It was 1999. I had married a marathoner/triathlete and had done more than my fair share of washing stinky sweaty clothes. Training for a Mrs. America pageant (yes, you read that right…I tried my hand at pageantry…) I decided that the best way to get back into shape was to train for a marathon.
And why not? I had three children three-years-old and under. David had bought me a triple jogger. I was all but ready to run.
I equipped my triple wide vehicle with brake lights and a stereo complete with speakers and began my runs of short distances at first.
Slight set back when I had to have four wisdom teeth removed but in a few weeks I was back out pounding the pavement with my girls. The longer the runs, the more snacks I would bring. Cheerios. Peanuts for the squirrels. Juice boxes. And cash for when we ran out of snacks and I would have to stop at a convenience store. I’d leave after breakfast with all of them excited to clamber into the jogger and there wasn’t a tree or bird they couldn’t name. They learned to count by mailbox addresses and got used to hearing me pray out loud for the names on the mailboxes. On the longest days we’d be gone for several hours as I pushed them up and down the beach road for 10, 12, 16 mile runs. I’d take them to Gymboree or Music Together classes and fall asleep accidentally during the slow and quiet songs.
Every mile I pushed an extra 150 pounds in that jogger. At least. Between the kiddos, the jogger itself, and the multitudes of snacks (and let’s not forget my stereo…this was before any ipod), I was really getting a workout.
So when it came time for the big race day at Disney, I was quite confident I could do this no problem.
David wasn’t so sure. He reminded me that I hadn’t really followed any program and that I had not run over 16 miles at a time. I argued that pushing an extra 150 pounds every step of the way had to count for something and we started the race with him still questioning my ability.
Throughout the race, he would run with me for a bit and then drop back and hang with his dad who was also racing. He would find different friends and run with them for a while and them come and find me. At about mile 22 he ran up on me singing “Hurts So Good” by John Cougar Mellencamp at the top of my lungs (it was on my little walkman set) and I’ll never forget our little dialogue exchange….
David: “What are you DOING?”
Me: “Singing and having fun!”
David: “You SHOULDN’T be doing this good. You SHOULDN’T be feeling this strong. You haven’t trained for this well enough. You SHOULDN’T be able to do this.”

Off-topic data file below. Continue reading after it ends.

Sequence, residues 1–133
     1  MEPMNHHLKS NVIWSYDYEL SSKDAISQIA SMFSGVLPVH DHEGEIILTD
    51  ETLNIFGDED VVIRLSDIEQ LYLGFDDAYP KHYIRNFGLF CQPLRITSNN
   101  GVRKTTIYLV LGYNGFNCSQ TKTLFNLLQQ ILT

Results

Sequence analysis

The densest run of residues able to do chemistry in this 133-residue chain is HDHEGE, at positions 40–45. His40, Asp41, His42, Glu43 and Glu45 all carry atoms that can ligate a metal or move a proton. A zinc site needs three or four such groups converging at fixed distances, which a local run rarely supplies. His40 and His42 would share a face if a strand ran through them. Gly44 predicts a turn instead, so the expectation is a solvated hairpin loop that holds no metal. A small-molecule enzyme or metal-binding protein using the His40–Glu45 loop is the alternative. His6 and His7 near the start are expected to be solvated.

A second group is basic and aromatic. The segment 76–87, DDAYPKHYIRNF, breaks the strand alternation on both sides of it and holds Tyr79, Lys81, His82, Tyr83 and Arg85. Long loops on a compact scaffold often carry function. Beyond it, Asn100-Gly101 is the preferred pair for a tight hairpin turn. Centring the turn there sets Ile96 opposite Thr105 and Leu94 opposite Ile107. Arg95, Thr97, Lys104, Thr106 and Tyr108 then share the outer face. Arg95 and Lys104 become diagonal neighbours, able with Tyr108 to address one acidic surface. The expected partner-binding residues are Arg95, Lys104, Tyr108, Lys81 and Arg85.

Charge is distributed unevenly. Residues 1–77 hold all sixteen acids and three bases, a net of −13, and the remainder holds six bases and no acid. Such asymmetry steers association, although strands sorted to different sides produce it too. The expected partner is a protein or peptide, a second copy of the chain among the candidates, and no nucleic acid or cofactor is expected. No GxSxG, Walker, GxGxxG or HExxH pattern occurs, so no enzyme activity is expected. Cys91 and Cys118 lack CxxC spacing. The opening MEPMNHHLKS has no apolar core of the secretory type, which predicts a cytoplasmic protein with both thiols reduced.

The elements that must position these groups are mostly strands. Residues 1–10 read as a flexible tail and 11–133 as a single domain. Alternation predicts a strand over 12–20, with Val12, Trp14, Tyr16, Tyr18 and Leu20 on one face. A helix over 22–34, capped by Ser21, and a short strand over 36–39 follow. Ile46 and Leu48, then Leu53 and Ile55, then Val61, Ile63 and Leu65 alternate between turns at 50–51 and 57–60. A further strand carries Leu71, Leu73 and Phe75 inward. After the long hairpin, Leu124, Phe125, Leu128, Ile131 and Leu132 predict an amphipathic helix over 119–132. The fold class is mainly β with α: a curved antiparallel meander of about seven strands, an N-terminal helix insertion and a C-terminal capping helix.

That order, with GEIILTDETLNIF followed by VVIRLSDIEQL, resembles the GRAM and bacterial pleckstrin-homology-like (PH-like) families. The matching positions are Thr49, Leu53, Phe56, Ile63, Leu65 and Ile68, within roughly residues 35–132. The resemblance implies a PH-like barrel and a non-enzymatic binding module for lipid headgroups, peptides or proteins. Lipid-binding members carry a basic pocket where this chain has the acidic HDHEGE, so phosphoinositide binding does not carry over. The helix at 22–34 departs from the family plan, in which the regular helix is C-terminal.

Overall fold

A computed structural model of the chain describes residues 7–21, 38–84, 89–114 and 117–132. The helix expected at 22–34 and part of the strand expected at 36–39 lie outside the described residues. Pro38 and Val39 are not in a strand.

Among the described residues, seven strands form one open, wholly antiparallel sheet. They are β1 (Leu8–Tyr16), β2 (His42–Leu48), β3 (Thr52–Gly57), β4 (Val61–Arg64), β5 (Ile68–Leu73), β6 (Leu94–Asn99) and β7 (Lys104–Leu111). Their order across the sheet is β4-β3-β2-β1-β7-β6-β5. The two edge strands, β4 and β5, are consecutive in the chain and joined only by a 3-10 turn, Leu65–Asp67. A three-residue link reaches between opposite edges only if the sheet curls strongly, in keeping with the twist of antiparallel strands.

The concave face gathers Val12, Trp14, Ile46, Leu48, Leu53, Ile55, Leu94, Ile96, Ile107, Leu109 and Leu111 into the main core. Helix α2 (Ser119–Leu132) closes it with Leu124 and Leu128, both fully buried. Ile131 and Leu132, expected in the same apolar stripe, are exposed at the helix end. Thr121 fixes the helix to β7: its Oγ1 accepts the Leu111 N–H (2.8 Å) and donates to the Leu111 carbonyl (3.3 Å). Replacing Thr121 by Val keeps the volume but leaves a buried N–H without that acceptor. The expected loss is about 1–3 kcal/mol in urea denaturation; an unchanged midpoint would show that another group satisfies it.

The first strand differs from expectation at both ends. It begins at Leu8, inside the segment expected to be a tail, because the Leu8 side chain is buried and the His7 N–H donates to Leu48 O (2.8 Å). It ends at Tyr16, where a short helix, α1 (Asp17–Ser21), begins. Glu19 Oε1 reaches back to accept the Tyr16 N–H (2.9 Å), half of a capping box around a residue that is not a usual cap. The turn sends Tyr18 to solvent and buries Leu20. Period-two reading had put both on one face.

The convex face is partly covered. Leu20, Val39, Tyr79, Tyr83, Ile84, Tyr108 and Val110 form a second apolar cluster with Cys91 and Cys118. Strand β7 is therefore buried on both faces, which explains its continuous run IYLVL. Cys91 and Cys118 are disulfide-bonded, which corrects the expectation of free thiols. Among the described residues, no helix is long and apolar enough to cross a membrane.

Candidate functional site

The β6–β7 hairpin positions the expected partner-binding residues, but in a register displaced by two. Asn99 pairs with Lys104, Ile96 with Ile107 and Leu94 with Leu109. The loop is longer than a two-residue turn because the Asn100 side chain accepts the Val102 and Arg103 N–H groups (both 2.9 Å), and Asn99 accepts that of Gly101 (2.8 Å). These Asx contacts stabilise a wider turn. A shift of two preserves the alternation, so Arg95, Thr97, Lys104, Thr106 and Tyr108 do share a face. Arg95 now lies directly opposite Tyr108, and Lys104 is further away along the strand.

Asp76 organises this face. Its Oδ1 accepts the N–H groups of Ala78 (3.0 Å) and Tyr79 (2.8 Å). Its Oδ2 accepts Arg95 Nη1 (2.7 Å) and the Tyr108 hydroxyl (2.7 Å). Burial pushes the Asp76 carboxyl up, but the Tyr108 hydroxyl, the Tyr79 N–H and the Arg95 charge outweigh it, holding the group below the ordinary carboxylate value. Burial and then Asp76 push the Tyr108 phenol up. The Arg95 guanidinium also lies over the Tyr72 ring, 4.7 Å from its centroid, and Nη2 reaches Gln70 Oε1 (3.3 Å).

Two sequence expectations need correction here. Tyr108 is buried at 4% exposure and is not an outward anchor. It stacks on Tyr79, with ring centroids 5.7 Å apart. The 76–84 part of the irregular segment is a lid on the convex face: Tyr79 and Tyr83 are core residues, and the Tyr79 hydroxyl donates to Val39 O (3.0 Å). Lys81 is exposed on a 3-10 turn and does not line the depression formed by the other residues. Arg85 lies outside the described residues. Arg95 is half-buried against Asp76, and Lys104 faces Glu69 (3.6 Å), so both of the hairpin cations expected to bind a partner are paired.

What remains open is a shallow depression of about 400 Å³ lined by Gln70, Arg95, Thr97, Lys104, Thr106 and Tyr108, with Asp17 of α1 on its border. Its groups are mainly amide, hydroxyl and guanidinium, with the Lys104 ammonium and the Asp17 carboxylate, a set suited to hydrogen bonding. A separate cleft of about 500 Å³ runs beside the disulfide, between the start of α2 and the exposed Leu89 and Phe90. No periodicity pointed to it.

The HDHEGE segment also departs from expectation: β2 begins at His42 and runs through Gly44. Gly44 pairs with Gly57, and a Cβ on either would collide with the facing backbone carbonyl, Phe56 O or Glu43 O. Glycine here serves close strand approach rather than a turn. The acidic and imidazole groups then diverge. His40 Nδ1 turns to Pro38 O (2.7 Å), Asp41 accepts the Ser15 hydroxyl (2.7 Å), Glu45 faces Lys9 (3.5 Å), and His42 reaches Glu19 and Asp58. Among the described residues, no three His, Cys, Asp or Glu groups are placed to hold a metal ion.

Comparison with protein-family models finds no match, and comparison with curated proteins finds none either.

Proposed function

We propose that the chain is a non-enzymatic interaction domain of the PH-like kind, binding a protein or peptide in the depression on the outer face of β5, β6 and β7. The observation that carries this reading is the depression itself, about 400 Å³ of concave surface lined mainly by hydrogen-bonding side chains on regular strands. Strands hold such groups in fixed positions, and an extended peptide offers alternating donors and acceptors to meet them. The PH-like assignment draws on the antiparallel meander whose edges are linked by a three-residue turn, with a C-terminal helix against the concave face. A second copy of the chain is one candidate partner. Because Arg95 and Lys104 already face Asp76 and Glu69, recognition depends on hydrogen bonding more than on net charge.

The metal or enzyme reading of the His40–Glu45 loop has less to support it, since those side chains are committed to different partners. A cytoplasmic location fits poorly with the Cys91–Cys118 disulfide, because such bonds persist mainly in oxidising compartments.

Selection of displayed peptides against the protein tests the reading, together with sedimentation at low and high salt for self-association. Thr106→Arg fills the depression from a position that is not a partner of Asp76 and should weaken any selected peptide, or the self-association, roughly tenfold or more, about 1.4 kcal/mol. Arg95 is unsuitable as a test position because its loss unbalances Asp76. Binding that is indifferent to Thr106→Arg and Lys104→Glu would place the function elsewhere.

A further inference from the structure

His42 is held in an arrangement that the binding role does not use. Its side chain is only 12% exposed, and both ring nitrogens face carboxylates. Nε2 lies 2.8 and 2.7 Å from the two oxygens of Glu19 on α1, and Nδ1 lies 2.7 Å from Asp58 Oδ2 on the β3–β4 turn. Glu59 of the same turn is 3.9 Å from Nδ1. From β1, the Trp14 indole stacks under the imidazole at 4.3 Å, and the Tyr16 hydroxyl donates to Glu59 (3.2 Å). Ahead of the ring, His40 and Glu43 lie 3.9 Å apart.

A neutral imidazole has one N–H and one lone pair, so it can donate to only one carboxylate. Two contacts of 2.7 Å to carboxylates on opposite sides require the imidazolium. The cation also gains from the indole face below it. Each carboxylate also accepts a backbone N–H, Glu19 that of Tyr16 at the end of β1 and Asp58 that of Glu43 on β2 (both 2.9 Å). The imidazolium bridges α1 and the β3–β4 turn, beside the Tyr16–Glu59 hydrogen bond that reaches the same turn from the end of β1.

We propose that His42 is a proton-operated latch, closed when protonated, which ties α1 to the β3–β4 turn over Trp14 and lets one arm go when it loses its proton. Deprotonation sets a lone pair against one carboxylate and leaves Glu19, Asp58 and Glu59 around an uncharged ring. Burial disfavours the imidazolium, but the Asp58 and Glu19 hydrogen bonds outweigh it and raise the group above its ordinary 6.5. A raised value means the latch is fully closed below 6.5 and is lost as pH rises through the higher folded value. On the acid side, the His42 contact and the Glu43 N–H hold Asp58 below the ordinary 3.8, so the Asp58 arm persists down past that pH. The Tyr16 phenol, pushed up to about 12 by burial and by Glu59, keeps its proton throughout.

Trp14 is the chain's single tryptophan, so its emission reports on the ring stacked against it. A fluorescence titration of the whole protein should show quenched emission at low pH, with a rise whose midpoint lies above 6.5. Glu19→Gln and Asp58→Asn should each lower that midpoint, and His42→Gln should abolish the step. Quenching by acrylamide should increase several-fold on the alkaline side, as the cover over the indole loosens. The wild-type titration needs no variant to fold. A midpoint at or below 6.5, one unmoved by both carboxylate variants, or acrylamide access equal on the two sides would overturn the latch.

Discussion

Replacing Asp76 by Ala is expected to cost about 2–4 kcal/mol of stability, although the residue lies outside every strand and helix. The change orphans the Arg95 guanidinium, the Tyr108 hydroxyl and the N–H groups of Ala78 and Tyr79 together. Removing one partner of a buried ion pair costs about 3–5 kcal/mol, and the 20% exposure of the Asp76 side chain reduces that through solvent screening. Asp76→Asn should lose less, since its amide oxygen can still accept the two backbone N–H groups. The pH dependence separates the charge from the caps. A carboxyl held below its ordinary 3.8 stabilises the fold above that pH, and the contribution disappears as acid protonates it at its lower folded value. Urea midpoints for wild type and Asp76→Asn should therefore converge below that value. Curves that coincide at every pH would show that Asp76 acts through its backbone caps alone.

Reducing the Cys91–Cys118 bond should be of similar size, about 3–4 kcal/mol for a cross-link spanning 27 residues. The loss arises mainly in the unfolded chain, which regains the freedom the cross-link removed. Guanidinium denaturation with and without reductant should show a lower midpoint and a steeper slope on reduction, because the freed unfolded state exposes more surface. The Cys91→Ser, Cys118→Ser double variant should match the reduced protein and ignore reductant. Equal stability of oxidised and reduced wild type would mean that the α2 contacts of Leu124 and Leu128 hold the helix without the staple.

Me. “Honey, I’ve given birth three times, once without pain medication. A marathon is easy.”
(guffaws and laughs from those running around us…)
And truthfully, that’s how I felt. Being the daughter of a Marine, it wasn’t in my DNA to quit. Being married to a Reback had to count for something in terms of athleticism. And having pushed those kiddos all those miles had made me stronger not only physically, but in my resolve. I was gonna be a good example to those kids. I would do my very best after all those miles we had endured together!
Honestly, at mile 24 my hamstring decided it was finished. And even though my stride looked a little funny the last 2 miles I hobbled it in determined to beat a dear friend’s previous time from the year before. I finished under power and was so happy to have completed the race…for myself…for my girls…for David.
And all those miles later, my girls all now compete in long distance running and endurance sports. The seeds of competition were sown decades ago. So get out there mamas with wee ones and run. Compete. Show your kids and they will follow.
[bctt tweet=” So get out there mamas with wee ones and run. “]
It’s the only time in our 23 years together that David ever doubted me. I think he underestimated how much of his ability and determination athletically had rubbed off on me. And how hard it was to push that jogger all those long runs on that windy road. But I’ll tell you this…he’s never since doubted me again and I’ve never doubted him. It’s been an incredible long run together and I’m so thankful he’s been with me every stride of the way.